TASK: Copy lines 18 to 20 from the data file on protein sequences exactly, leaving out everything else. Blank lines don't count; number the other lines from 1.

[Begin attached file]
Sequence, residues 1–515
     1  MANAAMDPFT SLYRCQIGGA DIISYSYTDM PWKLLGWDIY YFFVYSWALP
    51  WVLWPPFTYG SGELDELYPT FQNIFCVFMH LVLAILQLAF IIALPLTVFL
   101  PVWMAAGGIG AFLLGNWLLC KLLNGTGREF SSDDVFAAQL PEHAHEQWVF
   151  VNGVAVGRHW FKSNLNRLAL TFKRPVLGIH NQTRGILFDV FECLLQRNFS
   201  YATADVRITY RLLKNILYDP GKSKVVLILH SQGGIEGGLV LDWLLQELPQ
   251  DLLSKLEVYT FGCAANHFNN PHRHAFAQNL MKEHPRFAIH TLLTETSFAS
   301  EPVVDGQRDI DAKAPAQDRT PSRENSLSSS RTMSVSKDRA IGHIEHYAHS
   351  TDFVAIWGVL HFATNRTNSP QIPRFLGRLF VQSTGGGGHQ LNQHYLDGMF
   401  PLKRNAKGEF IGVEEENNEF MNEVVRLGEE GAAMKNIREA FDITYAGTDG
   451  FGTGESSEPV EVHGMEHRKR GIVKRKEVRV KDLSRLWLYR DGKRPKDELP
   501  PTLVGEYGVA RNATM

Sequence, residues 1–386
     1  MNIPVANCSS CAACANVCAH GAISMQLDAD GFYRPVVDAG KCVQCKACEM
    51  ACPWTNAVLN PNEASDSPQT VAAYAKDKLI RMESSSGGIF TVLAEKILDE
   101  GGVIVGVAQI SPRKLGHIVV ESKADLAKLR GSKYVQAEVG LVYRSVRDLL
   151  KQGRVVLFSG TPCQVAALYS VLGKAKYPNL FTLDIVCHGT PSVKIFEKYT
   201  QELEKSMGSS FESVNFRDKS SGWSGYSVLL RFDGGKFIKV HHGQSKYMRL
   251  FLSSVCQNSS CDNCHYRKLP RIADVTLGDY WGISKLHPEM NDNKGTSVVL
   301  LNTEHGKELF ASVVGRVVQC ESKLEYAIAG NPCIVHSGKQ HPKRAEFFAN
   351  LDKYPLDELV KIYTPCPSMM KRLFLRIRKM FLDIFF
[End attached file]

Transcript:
   201  QELEKSMGSS FESVNFRDKS SGWSGYSVLL RFDGGKFIKV HHGQSKYMRL
   251  FLSSVCQNSS CDNCHYRKLP RIADVTLGDY WGISKLHPEM NDNKGTSVVL
   301  LNTEHGKELF ASVVGRVVQC ESKLEYAIAG NPCIVHSGKQ HPKRAEFFAN